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Ben Diamond bill seeks climate change research, resiliency program

HB 1369 calls for the creation of an Office of Resilience and Coastal Protection.

Democratic state Rep. Ben Diamond wants Florida to start assessing and preparing for impacts of climate change.

Diamond, of St. Petersburg, has filed House Bill 1369 aiming to establish a comprehensive research program and resiliency plan for the state, assessing and preparing for climate change effects on Florida’s environment, agricultural production, energy, transportation infrastructure, public health, disaster preparedness, economic growth and other factors.

HB 1369 calls for the creation of an Office of Resilience and Coastal Protection. The bill also calls for updated plans to be delivered to the Governor and Florida Legislature once every four years.

“As a peninsula with thousands of miles of coastline, Florida is uniquely exposed to the risks of climate change,” Diamond stated in a news release announcing the bill. “In Pinellas County we are already seeing its effects. I am very concerned about flooding in our neighborhoods, access for our residents to affordable flood insurance and homeowners’ insurance, and the fact that hurricanes are getting stronger. We need a statewide resiliency plan to address these issues.”

Diamond cited a recent study by the Brookings Institution that reported that the Tampa-St. Petersburg-Clearwater metropolitan area is expected to bear the second-highest climate-related costs in the nation, and Lakeland-Winter Haven is first. In fact, the report, which projected out economic costs of climate change through the end of the century, had Florida cities holding eight of the ten worst positions in America.

The bill calls for the Florida Climate and Resiliency Research Program to study and determine the immediate situation and to project out climate trends and impacts for 25 and 100 years out. The bill also calls for the office to assess the spending and costs expected for

– Upgrading septic and sewage infrastructure affected by rising water tables;

– Improving drinking water treatment infrastructure to protect against frequent downpours and chronic flooding;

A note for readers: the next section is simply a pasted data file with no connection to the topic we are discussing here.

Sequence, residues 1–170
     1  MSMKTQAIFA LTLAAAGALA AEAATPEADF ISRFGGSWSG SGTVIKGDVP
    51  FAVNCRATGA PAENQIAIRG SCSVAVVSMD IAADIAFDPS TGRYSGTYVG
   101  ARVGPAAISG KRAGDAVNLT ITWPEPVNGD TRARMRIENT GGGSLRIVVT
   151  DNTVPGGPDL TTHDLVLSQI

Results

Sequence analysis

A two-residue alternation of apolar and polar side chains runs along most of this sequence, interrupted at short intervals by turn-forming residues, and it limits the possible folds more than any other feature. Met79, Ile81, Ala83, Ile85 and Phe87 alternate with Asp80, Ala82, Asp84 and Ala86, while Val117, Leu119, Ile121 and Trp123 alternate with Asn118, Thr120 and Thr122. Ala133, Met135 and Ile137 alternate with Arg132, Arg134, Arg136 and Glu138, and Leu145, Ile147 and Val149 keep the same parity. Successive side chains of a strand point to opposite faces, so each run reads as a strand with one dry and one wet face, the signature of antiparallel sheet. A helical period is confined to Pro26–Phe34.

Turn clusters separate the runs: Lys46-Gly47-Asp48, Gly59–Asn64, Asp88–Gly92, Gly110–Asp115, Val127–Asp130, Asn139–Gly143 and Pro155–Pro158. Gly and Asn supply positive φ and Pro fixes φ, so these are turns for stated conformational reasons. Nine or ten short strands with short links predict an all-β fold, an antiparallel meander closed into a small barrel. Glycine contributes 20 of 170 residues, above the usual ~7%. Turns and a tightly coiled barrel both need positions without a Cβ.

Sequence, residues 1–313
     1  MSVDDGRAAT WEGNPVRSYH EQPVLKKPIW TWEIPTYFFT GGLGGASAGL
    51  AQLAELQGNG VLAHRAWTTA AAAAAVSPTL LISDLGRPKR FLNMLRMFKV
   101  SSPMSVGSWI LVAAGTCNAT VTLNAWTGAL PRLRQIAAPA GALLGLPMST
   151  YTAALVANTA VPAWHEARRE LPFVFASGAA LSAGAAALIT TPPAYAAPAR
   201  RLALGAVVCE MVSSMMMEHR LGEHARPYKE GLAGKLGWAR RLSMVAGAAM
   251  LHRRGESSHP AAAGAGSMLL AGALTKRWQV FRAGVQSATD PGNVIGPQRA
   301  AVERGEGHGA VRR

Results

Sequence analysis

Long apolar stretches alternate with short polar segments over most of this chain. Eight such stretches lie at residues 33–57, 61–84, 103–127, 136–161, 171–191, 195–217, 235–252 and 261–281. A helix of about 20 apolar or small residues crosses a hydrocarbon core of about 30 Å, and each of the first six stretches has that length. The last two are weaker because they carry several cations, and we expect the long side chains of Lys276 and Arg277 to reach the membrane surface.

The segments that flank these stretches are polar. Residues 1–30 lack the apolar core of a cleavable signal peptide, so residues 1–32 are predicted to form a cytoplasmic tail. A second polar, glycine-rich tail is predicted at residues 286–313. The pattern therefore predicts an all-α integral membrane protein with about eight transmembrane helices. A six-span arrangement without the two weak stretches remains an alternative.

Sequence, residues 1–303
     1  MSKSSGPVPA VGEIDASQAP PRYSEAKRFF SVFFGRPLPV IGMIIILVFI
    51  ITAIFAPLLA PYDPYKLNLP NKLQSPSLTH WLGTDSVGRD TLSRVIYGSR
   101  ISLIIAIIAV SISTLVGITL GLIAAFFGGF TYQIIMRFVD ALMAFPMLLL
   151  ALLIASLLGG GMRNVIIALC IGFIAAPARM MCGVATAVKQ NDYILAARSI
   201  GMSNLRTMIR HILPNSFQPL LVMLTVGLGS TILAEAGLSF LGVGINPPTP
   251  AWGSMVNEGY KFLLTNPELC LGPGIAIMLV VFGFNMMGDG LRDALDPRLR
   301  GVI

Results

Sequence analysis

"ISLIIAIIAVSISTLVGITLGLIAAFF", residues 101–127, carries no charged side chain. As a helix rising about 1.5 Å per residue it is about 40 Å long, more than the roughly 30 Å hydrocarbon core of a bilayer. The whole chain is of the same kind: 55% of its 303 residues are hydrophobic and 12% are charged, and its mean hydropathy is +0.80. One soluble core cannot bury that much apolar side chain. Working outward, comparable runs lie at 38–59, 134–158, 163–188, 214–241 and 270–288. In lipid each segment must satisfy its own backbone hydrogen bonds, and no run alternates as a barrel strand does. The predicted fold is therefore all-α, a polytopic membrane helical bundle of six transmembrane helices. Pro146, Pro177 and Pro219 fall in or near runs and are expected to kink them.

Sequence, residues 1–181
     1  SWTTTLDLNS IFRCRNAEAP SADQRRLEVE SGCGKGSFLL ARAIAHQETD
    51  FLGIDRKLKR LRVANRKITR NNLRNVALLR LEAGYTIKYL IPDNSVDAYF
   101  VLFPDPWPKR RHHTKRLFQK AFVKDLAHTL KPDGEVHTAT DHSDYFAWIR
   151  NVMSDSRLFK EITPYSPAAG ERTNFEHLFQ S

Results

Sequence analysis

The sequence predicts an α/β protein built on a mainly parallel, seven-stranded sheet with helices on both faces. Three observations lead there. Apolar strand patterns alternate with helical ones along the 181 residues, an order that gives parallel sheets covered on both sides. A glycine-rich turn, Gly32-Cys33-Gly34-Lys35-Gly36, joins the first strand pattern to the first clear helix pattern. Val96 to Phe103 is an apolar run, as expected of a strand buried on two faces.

– Increasing public health response to tropical disease and vector-borne epidemics;

– Implementing energy resiliency technologies to support essential healthcare and assisted living facilities, emergency response centers anc community shelters; and

– Addressing the affordable housing crisis, especially as displacement causes “climate gentrification” of low-income communities.

St. Petersburg Mayor Rick Kriseman said the following regarding Diamond’s bill:

“Many thanks to Rep. Ben Diamond for filing House Bill 1369. Following the lead of what we are doing here in the Sunshine City, and more recently, the Tampa Bay region, HB 1369 will prepare our state to be more resilient in the face of climate change. A resilient city, and a resilient state, is one that has adapted and mitigated for serious climate impacts like sea level rise and extreme weather. It is long past time for our state leaders to take action on climate change and sea level rise. I want to thank Rep. Diamond again for his leadership on this issue, and look forward to working with him on this and many other issues facing our constituents in St. Petersburg.”

Written By

Scott Powers is an Orlando-based political journalist with 30+ years’ experience, mostly at newspapers such as the Orlando Sentinel and the Columbus Dispatch. He covers local, state and federal politics and space news across much of Central Florida. His career earned numerous journalism awards for stories ranging from the Space Shuttle Columbia disaster to presidential elections to misplaced nuclear waste. He and his wife Connie have three grown children. Besides them, he’s into mystery and suspense books and movies, rock, blues, basketball, baseball, writing unpublished novels, and being amused. Email him at scott@floridapolitics.com.

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